A bulky, heavy camera is rarely a good thing, least of all when you're up on the ski slopes or mixing it with aquatic life forms.
Thankfully, the AW1's body is only marginally larger than the svelte dimensions of the J3, though at 357g equipped with a battery and memory card, the AW1 is around 50% heavier. This does at least give it a reassuring air of solidity, whilst the pronounced front finger-ridge and rubberised rear thumb-grip make the camera feel secure when shooting one-handed.
Controlling the AW1 is a bit of a mixed bag though. We've got no complaints with the large shutter release, power and video record buttons atop the camera, but many of the smaller rear-mounted controls are far less accessible.
Those immediately above and below the raised thumb grip are hardest to press, especially when wearing gloves. Luckily, the AW1's Action Control feature can help you adjust basic options by simply tilting the camera.
It's also a disappointment that the AW1 lacks a dedicated mode dial, especially given this is a camera targeted at enthusiastic photographers.
It does have aperture and shutter priority modes, plus full manual control, but you'll have to hunt through two menu levels to find them and once there you'll still have to grapple with the fiddly selection buttons to make any alterations. This isn't too much hassle on dry land, but when underwater there's just no substitute for traditional dials.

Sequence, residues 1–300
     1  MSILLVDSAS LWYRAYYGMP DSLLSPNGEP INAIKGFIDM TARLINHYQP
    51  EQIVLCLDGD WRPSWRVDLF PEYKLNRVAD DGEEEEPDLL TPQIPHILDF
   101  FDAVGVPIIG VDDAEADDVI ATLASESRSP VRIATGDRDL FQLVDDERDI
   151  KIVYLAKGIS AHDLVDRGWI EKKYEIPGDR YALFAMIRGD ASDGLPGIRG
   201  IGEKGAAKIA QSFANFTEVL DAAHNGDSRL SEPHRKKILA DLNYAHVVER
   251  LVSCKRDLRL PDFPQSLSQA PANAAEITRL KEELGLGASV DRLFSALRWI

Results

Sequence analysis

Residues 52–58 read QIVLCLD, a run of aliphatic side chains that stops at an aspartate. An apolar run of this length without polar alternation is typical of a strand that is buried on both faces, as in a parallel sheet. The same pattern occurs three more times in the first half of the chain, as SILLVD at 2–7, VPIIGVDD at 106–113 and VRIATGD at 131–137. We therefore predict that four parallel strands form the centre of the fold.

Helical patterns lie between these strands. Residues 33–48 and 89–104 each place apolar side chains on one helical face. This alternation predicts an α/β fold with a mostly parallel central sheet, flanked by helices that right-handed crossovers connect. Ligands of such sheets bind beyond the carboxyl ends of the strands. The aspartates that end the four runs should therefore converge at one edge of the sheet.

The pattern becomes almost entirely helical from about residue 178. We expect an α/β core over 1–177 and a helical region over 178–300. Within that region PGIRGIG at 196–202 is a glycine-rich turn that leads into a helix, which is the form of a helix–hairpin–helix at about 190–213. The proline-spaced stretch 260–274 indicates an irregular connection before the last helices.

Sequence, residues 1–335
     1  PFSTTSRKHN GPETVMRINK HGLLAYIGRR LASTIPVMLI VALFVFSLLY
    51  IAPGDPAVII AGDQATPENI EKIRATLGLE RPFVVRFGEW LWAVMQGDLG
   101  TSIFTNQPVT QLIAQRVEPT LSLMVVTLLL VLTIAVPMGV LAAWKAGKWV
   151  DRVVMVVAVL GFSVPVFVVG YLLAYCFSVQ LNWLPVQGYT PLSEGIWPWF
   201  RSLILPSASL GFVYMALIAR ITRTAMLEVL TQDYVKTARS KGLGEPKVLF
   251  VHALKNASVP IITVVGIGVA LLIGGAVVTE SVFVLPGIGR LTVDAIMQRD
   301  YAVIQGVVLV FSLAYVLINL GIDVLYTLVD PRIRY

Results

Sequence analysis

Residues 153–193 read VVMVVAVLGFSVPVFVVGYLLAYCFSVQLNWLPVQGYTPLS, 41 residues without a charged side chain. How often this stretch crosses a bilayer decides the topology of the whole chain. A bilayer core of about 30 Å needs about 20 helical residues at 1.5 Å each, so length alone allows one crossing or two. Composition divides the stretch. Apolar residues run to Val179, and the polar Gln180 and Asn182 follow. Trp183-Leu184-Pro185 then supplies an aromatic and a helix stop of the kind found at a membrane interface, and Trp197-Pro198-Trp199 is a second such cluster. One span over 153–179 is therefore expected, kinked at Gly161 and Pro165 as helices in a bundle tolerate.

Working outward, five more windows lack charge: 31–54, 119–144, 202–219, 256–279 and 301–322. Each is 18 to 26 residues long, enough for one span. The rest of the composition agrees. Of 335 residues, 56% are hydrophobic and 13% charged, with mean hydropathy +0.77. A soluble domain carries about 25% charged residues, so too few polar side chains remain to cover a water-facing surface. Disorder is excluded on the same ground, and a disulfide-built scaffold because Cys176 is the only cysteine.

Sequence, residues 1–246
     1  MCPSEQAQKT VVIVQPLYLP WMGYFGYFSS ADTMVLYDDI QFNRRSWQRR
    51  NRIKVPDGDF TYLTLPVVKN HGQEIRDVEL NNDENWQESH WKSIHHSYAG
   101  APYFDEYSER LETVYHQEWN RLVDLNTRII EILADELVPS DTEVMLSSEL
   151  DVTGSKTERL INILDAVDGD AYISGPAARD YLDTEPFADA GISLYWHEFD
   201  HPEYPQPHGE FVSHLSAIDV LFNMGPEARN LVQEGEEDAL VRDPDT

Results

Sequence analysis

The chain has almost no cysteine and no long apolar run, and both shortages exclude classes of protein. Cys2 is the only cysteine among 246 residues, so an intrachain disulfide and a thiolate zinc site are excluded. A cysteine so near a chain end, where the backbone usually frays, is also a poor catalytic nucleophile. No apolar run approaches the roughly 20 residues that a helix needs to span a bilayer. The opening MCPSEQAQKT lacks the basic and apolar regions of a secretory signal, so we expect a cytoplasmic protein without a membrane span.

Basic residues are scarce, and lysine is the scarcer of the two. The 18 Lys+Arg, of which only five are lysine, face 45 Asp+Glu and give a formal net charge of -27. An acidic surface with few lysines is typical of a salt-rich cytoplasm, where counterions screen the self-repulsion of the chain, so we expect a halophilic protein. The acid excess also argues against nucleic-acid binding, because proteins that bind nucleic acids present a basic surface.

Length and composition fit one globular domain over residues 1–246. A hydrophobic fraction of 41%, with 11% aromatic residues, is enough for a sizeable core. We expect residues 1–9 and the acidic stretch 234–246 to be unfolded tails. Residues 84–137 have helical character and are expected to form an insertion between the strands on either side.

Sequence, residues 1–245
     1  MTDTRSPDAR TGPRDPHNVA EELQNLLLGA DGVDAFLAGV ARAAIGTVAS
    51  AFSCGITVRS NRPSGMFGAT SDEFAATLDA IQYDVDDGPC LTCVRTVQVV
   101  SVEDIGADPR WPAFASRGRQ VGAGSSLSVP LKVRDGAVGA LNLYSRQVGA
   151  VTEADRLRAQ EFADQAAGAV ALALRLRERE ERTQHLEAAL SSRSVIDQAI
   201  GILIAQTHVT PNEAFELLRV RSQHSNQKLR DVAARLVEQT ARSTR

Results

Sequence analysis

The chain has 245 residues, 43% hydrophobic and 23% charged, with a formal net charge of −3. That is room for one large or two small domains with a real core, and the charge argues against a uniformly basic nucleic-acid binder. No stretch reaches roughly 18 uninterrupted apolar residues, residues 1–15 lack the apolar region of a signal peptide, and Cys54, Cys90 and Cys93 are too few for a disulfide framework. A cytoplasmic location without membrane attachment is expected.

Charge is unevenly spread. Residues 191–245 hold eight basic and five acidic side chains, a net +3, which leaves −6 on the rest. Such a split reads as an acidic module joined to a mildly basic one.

Some have criticised the J3 for omitting a touch-sensitive screen, and Nikon hasn't seen fit to add one to the AW1 either. However, that's not such a bad thing since touchscreens (at least of the capacitive variety) won't work underwater. Instead, the AW1's 3-inch LCD monitor nails the basics, with good screen brightness and a high 921k-dot resolution for accurate shot composition.
Nikon has gone to great lengths to keep water at bay, adding rubber seals between the front and rear body panels, inside the pop-up flash housing and behind all the buttons.
The flaps hiding the battery compartment and input ports are protected with more seals and are double-locked to prevent accidental opening when underwater.
Rubber gaskets also seal the joins between the lens casing and protective front glass element, as well as the edges of the zoom ring.
Finally, a large O-ring sits around the lens mount to prevent water seeping between the body and the lens.
This can add considerable friction when mounting a lens, so Nikon offers silicone grease to reduce any long-term damage. Replacement O-rings are available separately should the original ever get damaged or perish.